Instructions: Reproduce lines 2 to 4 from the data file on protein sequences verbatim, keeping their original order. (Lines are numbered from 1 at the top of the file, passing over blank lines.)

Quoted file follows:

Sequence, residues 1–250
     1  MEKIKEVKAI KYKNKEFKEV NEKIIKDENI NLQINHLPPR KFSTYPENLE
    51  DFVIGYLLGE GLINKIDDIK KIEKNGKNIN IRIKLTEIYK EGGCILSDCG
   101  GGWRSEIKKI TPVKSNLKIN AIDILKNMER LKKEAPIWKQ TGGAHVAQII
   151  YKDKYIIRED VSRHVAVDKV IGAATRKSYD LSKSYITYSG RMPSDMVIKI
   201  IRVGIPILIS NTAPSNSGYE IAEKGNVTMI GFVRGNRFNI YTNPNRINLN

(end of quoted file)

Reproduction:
     1  MEKIKEVKAI KYKNKEFKEV NEKIIKDENI NLQINHLPPR KFSTYPENLE
    51  DFVIGYLLGE GLINKIDDIK KIEKNGKNIN IRIKLTEIYK EGGCILSDCG
   101  GGWRSEIKKI TPVKSNLKIN AIDILKNMER LKKEAPIWKQ TGGAHVAQII